Tuesday, March 25, 2014

History's Lens: Mint Memories

I've been driving past the remains of this old mint distillery since I was a kid. The swamp lands below the hills behind our house were perfect for raising mint, as were many low lying lands in northern Indiana. There are a few old distilleries still standing, but this is one of a very few left and is located on the old Stuckman farmland East of Nappanee, IN.

Mint was used for medicinal properties, and later in gum and toothpastes. The plants were grown in the black dirt of the "muck lands" and cut like hay. It was swept into rows until it was wilted, then it was steamed. The mint-impregnated steam was condensed to collect the peppermint oil.
Most of these fields have long since been turned over to corn or beans, but several years ago a new mint field was planted not far from our house. The first year, it was allowed to "go to seed" and flower so that it would yield more the following year. We discovered that our honey harvest had a minty flavor, and it sold like hotcakes that year!

Weeds mixed into the mint harvest accounted for an inferior purity, and some farmers were thought to dilute their oil to make a better profit. Proof of superior purifying processes produced labels like this one:
Peppermint is not native to North America, but was brought by the colonists. By the turn of the century, it's believed that over 90 percent of the world's mint supply came from Southern Michigan and Northern Indiana.

My favorite mint memories: Grandma Emma's garden mint tea, and driving through St. Joe County, IN in the summer with the windows down when the mint is in bloom. Making garden mint tea is a tradition in our family. The next time my mother makes me a cup, I will wonder how many centuries the species spanned. I will wonder what mint farmers carried the precious plants along with them to the new world. The next time you brush your teeth, or bite into a stick of Wrigley's gum, remember where it came from.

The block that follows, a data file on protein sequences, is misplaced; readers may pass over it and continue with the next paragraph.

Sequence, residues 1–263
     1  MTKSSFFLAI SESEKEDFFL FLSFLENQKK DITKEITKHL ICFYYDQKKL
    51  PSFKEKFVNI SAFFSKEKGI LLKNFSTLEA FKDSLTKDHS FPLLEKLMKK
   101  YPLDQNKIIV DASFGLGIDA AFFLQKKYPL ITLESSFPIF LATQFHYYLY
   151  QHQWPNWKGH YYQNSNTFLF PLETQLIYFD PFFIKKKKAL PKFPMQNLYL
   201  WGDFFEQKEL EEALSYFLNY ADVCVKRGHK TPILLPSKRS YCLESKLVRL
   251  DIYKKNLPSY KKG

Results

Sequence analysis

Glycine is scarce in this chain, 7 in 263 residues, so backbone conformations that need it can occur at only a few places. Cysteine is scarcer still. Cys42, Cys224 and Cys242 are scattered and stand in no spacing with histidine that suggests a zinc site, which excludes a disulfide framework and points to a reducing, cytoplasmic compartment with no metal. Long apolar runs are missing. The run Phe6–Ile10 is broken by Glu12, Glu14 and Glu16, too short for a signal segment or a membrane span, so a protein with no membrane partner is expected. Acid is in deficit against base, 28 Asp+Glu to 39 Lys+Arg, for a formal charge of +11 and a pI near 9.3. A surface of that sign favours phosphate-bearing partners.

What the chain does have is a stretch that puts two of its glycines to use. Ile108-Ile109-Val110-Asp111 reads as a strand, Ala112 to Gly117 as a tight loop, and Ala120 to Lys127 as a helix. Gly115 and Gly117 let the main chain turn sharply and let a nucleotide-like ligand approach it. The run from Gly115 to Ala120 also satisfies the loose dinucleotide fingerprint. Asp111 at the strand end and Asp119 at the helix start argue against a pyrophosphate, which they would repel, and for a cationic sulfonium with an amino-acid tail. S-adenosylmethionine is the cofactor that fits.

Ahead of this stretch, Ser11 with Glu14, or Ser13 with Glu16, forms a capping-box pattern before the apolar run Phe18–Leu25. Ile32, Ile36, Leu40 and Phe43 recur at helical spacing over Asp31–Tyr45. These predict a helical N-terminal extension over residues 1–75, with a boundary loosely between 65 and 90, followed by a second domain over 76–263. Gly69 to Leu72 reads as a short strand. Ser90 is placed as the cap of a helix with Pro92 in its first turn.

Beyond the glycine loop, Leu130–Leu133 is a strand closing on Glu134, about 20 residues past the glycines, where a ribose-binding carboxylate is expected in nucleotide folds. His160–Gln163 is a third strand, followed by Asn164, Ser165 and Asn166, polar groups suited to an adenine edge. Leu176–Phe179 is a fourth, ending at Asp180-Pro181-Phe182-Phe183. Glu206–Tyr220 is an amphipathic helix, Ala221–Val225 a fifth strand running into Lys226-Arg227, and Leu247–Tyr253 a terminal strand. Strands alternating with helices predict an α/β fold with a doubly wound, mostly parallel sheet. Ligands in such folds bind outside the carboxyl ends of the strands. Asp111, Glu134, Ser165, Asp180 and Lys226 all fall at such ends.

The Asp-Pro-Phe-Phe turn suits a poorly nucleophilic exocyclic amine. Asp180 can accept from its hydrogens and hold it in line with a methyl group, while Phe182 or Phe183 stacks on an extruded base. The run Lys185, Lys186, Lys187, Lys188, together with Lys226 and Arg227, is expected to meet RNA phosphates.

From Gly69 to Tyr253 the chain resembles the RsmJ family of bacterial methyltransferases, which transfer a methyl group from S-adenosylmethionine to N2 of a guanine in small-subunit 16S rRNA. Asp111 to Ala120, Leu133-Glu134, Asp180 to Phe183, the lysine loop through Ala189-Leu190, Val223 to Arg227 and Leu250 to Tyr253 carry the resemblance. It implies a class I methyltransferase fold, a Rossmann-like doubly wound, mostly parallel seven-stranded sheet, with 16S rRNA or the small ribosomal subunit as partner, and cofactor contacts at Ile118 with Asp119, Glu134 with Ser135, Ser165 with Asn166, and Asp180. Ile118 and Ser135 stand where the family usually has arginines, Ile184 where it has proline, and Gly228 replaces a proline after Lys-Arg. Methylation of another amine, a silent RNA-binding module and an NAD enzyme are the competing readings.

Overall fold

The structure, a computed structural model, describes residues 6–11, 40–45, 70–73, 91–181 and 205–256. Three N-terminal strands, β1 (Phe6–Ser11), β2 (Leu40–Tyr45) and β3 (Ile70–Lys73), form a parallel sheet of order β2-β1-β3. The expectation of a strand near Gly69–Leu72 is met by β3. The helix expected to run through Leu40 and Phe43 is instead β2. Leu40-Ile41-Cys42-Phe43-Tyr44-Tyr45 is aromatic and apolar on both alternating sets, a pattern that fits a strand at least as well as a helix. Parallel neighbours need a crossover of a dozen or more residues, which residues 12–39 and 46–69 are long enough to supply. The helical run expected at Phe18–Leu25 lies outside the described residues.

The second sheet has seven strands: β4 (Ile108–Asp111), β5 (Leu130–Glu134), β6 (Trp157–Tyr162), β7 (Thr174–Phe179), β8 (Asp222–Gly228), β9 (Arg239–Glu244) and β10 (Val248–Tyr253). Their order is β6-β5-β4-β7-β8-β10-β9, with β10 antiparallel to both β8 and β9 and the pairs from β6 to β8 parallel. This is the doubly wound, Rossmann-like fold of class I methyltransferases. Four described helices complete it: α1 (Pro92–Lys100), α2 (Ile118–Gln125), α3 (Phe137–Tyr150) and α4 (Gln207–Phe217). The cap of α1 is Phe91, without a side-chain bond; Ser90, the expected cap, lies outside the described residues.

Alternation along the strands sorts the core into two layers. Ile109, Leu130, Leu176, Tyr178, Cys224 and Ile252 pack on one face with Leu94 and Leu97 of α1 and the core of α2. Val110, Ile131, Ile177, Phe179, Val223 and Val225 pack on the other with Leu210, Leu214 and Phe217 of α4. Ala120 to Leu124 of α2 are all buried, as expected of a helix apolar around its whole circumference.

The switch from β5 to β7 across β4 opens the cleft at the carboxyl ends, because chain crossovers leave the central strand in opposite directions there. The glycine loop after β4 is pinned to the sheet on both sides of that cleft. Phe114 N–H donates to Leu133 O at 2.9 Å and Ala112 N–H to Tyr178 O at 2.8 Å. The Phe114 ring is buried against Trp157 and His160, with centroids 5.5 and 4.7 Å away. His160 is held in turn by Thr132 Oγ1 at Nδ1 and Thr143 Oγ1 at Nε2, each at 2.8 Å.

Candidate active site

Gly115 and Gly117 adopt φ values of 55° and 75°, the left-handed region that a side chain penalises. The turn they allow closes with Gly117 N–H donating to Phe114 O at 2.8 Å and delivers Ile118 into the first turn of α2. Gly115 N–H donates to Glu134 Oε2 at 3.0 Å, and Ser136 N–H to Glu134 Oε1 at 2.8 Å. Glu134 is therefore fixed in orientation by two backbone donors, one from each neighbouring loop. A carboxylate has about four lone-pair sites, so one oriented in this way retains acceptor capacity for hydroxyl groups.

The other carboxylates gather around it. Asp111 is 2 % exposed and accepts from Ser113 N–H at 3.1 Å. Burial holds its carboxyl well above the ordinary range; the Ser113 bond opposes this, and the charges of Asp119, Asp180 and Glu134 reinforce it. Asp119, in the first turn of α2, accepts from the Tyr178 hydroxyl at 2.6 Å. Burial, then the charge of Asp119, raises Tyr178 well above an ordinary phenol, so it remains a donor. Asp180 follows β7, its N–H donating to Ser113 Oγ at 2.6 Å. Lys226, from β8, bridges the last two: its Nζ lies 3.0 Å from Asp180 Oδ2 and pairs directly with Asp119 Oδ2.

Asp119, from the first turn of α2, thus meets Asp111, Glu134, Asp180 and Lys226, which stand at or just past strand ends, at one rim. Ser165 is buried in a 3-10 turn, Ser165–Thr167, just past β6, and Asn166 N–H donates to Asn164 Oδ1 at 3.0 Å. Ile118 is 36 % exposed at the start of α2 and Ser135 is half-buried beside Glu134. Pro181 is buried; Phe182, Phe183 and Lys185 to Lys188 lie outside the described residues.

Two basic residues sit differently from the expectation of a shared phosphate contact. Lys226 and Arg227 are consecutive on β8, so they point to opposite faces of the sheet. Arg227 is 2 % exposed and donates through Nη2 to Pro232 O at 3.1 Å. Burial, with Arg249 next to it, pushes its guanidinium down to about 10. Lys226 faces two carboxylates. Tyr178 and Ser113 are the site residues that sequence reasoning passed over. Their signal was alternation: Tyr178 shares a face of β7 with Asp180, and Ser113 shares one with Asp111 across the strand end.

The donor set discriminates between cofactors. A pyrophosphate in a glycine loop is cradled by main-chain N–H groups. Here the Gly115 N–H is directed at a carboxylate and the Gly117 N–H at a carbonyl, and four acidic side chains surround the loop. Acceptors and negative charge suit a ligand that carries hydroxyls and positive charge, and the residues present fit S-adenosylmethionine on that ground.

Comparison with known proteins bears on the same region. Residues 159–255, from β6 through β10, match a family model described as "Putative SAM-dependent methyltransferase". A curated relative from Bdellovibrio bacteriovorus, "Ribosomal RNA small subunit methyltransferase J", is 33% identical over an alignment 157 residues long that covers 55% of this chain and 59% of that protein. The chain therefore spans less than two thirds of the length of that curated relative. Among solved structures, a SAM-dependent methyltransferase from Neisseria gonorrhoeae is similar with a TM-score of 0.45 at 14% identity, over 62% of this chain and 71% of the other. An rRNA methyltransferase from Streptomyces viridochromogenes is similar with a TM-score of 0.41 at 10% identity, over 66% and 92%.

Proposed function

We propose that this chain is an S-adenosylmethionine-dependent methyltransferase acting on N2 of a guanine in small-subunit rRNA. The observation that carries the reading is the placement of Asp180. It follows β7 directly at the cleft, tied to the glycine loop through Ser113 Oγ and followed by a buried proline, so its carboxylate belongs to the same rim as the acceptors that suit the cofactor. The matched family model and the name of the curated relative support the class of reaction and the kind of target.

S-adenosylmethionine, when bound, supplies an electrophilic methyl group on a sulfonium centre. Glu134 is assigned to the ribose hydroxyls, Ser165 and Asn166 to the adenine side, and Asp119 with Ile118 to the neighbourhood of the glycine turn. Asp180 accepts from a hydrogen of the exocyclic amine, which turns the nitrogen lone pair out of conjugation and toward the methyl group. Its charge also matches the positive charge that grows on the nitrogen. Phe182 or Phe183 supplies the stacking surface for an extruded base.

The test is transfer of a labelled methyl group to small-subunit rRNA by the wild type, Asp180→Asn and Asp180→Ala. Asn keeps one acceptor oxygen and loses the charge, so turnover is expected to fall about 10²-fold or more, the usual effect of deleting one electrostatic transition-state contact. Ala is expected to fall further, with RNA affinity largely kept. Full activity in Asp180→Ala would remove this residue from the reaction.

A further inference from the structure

Do you have mint memories?

Blog post by Anne Love-
Writer of Historical Romance inspired by her family roots. 
Nurse Practitioner by day. 
Wife, mother, writer by night. 
Coffee drinker--any time.
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  1. When I was growing up, my mother grew mint in our yard. Sometimes we would freeze mint leaves in ice cubes to put in our drinks. Other times we used egg whites brushed on the leaves and then sprinkled them with sugar. These were used as a garnish for different dishes that my mom cooked. My friends and I would just pick the leaves to chew on.

    1. I've never done this, but, I've seen a similar process described in cookbooks.

  2. Nice Kay. I never heard of the egg white preparation for garnish.

  3. I've never heard of a mint distillery. I bet that smelled good upon occasion. :)

    1. I'll bet it did too. Only wish I could walk back in time to see it in production!

  4. I've never been much of a fan of mint. I eat Altoids after a meal to freshen my breath, but, that's about it. My sister and my husband enjoy mint-flavored foods more so than I.

    ~Cecelia Dowdy~

  5. What an interesting post, Anne!! Like Erica - I had never heard of a mint distillery, and knew nothing about it's harvesting, origins, or that so much mint was grown in Indiana and Michigan. You have piqued my interest!! My favorite use of mint is in Junior Mints - in fact, I'm going to have some right now!!

    1. Ahhhh, Junior Mints, how could I have forgotten them! :)


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